Students on the Public Sphere pathway come to study at the Royal College of Art from all over the world, forming a huge expansive art network from South America to South East Asia. Since we all felt a need to reconnect with the physical side of the city after COVID, our pathway sessions were spent on the streets of London where we walked, observed and talked. Could we, who came to the capital from such diverse and remote places, find a common way to understand this city? We looked for signs of repressed histories of migration and enslavement, workers struggles and communal institutions and encountered the shadow of state power and wealth accumulation wherever we went. We described the monuments, standing across the river, celebrating generals of colonial wars and noticed that too many London museums stand on sites of former prisons. We thought about the buildings that were built in identical clusters for 300 years and about the expensive glass towers that replaced the red brick council estates of the mid 20th century. We followed the Westway road in its path, cutting through neighbourhoods like a noisy rusty knife. Public Sphere students mostly discovered that London is the same as, and also completely different from, their hometowns. London is defined by the same accumulations, intensities, enclosures and possibilities for resistance that any modern city is built on. But its empirical history also enabled us, a group of global wanderers, to come together from all around the world and to spend a year thinking about who we could be against this mammoth.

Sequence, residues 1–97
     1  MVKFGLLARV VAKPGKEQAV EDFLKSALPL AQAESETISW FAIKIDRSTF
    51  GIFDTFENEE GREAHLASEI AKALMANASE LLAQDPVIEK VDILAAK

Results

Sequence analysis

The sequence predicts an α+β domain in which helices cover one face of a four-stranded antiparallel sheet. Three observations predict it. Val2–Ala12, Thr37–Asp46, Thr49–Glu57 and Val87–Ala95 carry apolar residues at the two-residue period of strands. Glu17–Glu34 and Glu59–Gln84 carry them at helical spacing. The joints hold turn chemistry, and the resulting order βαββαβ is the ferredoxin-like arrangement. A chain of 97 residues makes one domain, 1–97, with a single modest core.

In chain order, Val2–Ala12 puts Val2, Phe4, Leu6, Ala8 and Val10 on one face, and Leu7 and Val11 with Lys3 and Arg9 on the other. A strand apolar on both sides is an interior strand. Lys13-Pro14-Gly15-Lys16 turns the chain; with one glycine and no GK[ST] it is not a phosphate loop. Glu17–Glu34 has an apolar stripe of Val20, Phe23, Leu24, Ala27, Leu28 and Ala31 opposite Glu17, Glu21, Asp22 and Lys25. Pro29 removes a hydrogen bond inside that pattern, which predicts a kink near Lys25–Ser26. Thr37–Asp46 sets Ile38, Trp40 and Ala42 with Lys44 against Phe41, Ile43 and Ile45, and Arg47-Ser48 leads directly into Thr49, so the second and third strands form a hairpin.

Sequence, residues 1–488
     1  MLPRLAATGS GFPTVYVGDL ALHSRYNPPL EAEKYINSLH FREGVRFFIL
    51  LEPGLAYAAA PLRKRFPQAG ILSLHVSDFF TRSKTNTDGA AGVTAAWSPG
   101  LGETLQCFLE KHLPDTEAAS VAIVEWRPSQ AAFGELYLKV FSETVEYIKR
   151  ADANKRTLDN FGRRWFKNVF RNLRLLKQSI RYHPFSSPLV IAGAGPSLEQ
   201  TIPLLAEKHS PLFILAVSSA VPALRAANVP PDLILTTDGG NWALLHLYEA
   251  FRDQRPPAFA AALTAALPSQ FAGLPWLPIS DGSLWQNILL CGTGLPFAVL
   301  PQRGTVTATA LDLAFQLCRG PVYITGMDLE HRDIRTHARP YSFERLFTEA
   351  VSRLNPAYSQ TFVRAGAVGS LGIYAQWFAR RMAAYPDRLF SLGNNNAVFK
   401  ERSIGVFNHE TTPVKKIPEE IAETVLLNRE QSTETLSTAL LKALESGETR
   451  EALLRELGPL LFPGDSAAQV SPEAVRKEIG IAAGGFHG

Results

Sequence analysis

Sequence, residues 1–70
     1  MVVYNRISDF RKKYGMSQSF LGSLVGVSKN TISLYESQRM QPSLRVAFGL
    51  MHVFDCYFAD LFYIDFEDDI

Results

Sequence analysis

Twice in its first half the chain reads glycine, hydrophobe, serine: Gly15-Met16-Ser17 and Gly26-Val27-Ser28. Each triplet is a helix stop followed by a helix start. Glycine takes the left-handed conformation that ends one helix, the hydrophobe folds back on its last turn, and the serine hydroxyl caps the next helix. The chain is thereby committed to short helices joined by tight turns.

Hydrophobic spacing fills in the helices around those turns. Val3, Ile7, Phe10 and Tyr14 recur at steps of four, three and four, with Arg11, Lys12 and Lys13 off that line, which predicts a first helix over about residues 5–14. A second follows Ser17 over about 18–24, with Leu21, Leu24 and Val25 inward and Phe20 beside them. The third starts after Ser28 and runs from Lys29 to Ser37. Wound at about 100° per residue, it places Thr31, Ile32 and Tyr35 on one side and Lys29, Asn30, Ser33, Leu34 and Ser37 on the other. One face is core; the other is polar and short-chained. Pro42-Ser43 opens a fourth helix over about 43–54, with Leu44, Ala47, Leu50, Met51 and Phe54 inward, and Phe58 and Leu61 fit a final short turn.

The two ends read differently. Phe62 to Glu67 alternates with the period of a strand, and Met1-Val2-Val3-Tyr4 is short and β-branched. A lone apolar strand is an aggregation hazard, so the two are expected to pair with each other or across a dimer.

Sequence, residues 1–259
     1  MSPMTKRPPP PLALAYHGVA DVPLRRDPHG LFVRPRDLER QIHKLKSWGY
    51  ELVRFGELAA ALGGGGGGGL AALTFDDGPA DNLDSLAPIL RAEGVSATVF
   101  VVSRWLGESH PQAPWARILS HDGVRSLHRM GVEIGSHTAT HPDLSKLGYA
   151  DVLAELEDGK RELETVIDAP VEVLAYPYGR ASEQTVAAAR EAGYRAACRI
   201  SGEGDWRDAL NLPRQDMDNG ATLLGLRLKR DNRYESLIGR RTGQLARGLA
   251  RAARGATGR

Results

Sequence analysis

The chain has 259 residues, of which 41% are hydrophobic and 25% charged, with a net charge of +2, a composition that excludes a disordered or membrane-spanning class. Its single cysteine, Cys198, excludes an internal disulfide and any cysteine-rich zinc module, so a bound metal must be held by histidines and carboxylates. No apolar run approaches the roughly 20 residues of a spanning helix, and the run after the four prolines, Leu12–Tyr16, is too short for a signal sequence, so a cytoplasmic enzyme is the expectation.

- Dr Pil Kollectiv